The Council also discussed various ownership models for nursing homes. In NYS, nursing homes must be owned by entities that are directly owned by natural persons. Nursing home operators cannot be owned by a trust, or through a multi-level limited liability company, or by a publicly traded entity or a private equity investment fund. Some Council members noted that nursing homes need access to capital that could potentially be offered by public companies and private equity investors. Others pointed out that entities that purchase nursing homes on behalf of investors are seeking to maximize their return, and they typically generate that return by taking resources out of the nursing home. LaRue explained that private equity and public company owners will cultivate the Medicare and private pay markets and discourage Medicaid admissions, creating a two-tiered system and barriers to care for Medicaid beneficiaries. These Council members suggested that there are other ways to direct funds to nursing homes and that State investment would be more efficient and effective than private sector investment.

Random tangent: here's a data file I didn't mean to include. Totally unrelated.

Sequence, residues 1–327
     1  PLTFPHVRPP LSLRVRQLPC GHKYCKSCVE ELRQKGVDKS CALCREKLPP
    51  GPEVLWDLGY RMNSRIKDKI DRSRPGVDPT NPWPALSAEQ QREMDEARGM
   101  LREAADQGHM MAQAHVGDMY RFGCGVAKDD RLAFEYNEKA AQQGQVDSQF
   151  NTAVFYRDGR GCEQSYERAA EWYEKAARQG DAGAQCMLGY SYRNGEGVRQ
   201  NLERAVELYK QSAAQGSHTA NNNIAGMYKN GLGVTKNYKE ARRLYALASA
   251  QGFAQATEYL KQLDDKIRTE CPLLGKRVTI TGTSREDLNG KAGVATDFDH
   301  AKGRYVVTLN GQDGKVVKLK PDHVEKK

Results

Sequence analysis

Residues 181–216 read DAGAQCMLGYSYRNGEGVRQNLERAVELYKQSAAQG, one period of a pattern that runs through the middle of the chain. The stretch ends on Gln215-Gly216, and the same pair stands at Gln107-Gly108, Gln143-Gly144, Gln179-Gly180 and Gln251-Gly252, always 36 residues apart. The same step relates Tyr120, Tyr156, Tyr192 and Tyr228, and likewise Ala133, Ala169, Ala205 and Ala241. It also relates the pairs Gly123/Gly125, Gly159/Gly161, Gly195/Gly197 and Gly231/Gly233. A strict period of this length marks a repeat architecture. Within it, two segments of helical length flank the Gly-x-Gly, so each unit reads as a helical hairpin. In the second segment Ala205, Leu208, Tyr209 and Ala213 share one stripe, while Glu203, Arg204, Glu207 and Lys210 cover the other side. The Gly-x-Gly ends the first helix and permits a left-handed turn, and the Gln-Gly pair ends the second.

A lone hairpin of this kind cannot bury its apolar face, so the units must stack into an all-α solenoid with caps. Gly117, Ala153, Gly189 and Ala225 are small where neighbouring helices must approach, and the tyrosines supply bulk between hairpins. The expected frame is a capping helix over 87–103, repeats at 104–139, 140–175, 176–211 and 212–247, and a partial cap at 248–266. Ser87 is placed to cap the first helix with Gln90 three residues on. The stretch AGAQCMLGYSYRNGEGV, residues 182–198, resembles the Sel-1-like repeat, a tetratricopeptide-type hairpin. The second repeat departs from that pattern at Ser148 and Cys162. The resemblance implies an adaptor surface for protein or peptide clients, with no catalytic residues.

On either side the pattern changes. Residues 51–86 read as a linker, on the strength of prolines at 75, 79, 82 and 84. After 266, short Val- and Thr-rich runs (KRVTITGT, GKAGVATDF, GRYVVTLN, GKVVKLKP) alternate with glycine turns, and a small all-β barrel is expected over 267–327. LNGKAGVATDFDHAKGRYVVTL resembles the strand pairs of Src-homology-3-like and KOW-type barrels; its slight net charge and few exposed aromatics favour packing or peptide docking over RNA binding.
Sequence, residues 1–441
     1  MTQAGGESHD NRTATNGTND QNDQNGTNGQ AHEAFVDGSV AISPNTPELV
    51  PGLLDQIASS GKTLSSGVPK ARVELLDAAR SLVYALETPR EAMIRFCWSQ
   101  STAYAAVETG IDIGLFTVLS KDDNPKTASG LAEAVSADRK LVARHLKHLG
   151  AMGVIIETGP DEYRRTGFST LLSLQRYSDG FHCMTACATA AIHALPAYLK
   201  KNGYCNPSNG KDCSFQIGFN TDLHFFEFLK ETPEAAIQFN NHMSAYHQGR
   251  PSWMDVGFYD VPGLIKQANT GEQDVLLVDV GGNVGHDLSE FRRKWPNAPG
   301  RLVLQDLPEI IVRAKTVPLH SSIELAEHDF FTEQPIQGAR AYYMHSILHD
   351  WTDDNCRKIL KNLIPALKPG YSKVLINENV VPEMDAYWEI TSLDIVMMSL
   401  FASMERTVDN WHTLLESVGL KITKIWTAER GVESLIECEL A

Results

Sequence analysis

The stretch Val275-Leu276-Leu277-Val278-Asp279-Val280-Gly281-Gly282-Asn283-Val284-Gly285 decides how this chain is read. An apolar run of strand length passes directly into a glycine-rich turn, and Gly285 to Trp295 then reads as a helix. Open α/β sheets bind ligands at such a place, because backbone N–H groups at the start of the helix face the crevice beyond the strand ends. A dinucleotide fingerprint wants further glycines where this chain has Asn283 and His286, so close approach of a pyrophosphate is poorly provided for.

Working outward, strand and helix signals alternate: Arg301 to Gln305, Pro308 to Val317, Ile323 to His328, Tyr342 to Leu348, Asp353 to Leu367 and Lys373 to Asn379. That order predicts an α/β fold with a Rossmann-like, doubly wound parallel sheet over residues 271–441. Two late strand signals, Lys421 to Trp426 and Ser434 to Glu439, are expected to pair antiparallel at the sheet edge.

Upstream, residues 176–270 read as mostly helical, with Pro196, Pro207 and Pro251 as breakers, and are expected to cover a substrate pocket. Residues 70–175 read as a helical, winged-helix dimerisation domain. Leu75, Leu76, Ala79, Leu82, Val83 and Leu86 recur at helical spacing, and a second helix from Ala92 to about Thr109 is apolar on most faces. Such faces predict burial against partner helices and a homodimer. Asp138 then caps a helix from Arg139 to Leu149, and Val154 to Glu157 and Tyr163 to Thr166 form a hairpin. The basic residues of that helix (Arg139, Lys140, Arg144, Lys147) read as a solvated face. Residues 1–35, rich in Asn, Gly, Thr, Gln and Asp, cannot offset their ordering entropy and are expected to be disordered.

Shelly Glock, Director of the DOH Center for Health Care Facility Licensure, Planning, and Finance, facilitated a discussion of several proposals to streamline the CON process by raising the project cost thresholds for construction projects subject to full, administrative, and limited review. Glock noted that between 2017 and 2022, construction costs increased by 25 percent. The proposals under discussion include the following:

  • Non-Clinical Projects: Projects with a total cost of less than $12 million would not require any notice or review. Those with a cost greater than $12 million would require submission of a notice. The current threshold is $6 million.